A Roundup man in Montana State Prison for having sex with an underage girl is facing a new charge alleging he pressured the girl to kill herself during a live video chat in September 2013.

Last week, the Musselshell County Attorney’s Office charged Michael John Morlan, 21, with aiding or soliciting suicide, and two other felonies — intimidation and tampering with witnesses and informants.

It is unclear whether anyone has ever been charged with or convicted of aiding or soliciting suicide in Montana. Musselshell County Attorney Kent M. Sipe was unavailable for comment Wednesday.

Charging documents say Morlan contacted the girl, who is now 16 years old, via Skype, an online video-chatting service, on Sept. 1, 2013, and told her to kill herself while he watched.

The documents say Morlan told her he wanted to watch so that he could make sure she was doing it right.

The alleged victim reported to law enforcement that when she started crying, Morlan told her to stop wasting air and get it over with.

Court records, quoting the alleged victim, detail a back-and-forth conversation between the two in which Morlan repeatedly told her to kill herself and pressured her to continue as she cut herself and took prescription anti-depressants.

When she started cutting her wrists, Morlan told her to cut deeper, she said. The girl said she had prescription anti-depressants and put them in her hand. When she did this, she said, Morlan told her to take all of them.

She said she took the pills and then panicked, disconnected the Skype call and went to her parents for help.

About a year prior to this incident, Morlan had been charged with two felony counts of sexual intercourse without consent involving the same girl.

The charges alleged that Morlan had a sexual relationship with her from April 2011 — when she was 12 years old — through July 2012 and that he admitted to law enforcement that he digitally penetrated the girl on July 25, 2012.

Morlan was apparently out of jail after posting bond at the time he is accused of trying to coerce the girl to kill herself.

The girl reported that in August 2013, Morlan stalked and intimidated her when she tried to avoid communication with him.

She said he threatened to make her life miserable if she went to police and told her he had people watching her.

The girl told investigators that while at the youth center in Roundup a person, identified in charging documents as B.K., came up to her and told her to “quit telling everyone that Mickey raped you.”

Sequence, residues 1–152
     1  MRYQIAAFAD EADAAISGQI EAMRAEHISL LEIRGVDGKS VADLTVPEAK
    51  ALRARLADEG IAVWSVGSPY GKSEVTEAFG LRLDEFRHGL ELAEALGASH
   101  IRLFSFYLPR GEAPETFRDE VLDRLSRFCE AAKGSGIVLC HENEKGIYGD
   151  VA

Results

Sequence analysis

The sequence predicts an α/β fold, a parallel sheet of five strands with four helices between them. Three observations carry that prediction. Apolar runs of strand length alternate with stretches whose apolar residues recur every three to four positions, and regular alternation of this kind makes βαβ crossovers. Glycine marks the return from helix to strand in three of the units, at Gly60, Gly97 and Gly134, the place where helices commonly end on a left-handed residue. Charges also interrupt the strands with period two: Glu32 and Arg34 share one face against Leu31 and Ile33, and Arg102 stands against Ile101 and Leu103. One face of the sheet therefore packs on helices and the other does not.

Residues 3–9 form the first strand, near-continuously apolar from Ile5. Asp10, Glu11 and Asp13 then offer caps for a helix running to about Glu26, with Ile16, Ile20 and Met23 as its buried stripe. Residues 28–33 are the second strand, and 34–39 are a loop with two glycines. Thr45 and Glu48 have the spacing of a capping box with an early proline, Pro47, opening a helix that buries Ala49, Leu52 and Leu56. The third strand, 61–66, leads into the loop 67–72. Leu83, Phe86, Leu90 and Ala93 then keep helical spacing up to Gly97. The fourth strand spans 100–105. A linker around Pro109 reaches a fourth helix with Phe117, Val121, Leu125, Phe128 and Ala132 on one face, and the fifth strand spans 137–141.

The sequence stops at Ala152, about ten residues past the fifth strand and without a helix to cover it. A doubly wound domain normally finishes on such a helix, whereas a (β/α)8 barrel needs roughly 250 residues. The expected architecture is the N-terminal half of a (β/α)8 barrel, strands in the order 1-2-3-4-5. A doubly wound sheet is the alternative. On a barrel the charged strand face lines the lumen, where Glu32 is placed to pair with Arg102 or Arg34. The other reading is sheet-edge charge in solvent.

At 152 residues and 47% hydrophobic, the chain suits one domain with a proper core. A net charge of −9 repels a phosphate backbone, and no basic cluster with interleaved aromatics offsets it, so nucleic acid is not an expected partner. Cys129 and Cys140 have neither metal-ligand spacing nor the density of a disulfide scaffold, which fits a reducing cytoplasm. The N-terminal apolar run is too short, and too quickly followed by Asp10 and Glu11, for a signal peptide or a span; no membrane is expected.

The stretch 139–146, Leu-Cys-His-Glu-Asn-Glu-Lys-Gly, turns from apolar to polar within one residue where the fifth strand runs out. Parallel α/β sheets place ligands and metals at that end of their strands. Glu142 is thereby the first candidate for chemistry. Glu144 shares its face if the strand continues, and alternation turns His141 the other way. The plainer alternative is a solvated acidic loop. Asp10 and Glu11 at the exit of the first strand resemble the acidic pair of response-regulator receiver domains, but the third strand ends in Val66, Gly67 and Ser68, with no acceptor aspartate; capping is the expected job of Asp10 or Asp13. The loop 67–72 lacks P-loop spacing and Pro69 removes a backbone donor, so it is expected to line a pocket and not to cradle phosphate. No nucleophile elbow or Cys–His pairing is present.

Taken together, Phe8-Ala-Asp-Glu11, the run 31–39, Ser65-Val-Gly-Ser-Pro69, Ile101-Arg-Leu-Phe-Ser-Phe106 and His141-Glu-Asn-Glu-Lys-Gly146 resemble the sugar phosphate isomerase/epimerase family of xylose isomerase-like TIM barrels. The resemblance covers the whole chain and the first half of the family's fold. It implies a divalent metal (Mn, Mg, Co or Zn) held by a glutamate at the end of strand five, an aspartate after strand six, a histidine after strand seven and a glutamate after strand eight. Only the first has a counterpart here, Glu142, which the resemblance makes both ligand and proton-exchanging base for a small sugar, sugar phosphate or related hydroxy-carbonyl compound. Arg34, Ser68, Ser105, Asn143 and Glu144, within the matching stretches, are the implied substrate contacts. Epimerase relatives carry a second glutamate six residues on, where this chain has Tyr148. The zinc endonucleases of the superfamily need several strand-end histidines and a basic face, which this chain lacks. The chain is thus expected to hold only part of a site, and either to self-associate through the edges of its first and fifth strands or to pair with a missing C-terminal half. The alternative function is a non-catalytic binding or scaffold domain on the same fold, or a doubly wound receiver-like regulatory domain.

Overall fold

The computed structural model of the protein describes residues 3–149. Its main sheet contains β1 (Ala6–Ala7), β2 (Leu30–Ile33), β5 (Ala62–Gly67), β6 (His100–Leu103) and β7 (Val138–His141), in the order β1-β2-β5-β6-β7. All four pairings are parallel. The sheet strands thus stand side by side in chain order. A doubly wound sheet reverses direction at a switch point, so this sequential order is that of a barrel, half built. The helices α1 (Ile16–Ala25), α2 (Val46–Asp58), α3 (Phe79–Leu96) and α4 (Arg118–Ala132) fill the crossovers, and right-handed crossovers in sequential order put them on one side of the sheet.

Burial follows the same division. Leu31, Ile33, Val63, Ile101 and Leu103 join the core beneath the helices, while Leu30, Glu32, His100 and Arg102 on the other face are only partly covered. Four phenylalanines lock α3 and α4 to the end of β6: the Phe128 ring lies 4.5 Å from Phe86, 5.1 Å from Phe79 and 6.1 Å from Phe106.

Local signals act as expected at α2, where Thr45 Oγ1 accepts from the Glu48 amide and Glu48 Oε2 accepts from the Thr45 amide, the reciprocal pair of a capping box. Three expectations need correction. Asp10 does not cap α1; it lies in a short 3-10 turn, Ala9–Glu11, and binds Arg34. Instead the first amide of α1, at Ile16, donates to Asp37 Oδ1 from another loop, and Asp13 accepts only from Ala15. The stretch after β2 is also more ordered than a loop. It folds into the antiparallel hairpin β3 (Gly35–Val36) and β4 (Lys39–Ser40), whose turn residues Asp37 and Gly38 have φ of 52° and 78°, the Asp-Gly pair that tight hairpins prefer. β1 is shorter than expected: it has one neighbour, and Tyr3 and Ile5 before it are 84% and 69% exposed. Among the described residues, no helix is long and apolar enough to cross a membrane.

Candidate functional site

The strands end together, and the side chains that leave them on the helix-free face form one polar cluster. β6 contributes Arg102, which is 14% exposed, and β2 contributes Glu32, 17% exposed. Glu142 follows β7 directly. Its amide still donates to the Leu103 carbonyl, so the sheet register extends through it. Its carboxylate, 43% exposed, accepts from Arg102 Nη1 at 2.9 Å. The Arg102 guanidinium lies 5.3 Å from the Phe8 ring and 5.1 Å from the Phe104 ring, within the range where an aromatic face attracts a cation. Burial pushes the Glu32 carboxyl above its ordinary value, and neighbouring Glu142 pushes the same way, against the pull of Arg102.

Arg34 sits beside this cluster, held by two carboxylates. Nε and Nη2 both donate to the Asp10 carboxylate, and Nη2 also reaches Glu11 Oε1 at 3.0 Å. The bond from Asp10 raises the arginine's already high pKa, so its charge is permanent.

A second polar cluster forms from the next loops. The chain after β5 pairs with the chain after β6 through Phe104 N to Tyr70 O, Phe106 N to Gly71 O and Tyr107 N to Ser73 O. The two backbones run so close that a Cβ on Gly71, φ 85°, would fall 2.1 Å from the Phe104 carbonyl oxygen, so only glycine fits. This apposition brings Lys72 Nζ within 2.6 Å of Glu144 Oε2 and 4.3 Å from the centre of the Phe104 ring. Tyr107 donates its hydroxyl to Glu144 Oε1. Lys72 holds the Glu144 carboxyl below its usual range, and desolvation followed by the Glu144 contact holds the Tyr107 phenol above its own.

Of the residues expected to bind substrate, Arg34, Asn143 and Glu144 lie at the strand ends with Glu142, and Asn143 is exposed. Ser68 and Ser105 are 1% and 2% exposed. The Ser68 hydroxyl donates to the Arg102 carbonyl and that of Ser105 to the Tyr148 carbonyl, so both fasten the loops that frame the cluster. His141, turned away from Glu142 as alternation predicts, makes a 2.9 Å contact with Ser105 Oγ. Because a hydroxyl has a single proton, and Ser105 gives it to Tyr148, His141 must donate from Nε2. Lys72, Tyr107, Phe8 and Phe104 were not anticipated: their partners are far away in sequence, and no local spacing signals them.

In November, Morlan pleaded guilty to the two rape charges. District Judge Randal I. Spaulding sentenced him to 15 years in prison, with eight years suspended.

The judge also revoked Morlan’s sentence in a 2011 felony drug distribution case and sentenced him to an additional five-year commitment.

Morlan, who is being held at the state prison, is scheduled for arraignment in Musselshell County District Court on Sept. 22.

Aiding or soliciting suicide caries a maximum sentence of 10 years in prison.

Saturday, September 13, 2014

Oregon doctor's experience leads him to warn Montanans not to accept assisted suicide

http://ravallirepublic.com/news/opinion/mailbag/article_df457041-2d8f-5c56-92c8-05d08616234d.html


Dear Editor:

I am the doctor cited by Bradley Williams in his opinion piece, “Assisted suicide is not legal, not the answer.” (Aug. 21). I am also professor emeritus and former chair of the Department of Radiation Oncology at Oregon Health & Science University. I have treated thousands of patients with cancer.

Williams correctly describes how Oregon’s Medicaid program uses coverage incentives to steer patients to assisted suicide, which is legal in Oregon. In other words, Medicaid will not necessarily cover a patient’s treatment to potentially cure a disease or to extend the patient’s life. The program will cover the patient’s suicide. Desired treatments for cure or to extend life are thereby displaced with the “treatment” of suicide.

I first became involved with the assisted suicide issue shortly before my first wife died of cancer in 1982. We had just made what would be her last visit with her doctor. As we were leaving, he had suggested that she overdose herself on medication. I still remember the look of horror on her face. She said, “Ken, he wants me to kill myself.”

To learn more about how assisted suicide works in Oregon, please see my affidavit filed in Montanans Against Assisted Suicide vs. Montana Board of Medical Examiners.  The affidavit, with supporting documentation attached, can be viewed here:  https://maasdocuments.files.wordpress.com/2014/08/dr-stevens-affidavit_001.pdf .

Protect your health care. Don’t let legal assisted suicide come to Montana.

Kenneth Stevens,
Sherwood, Oregon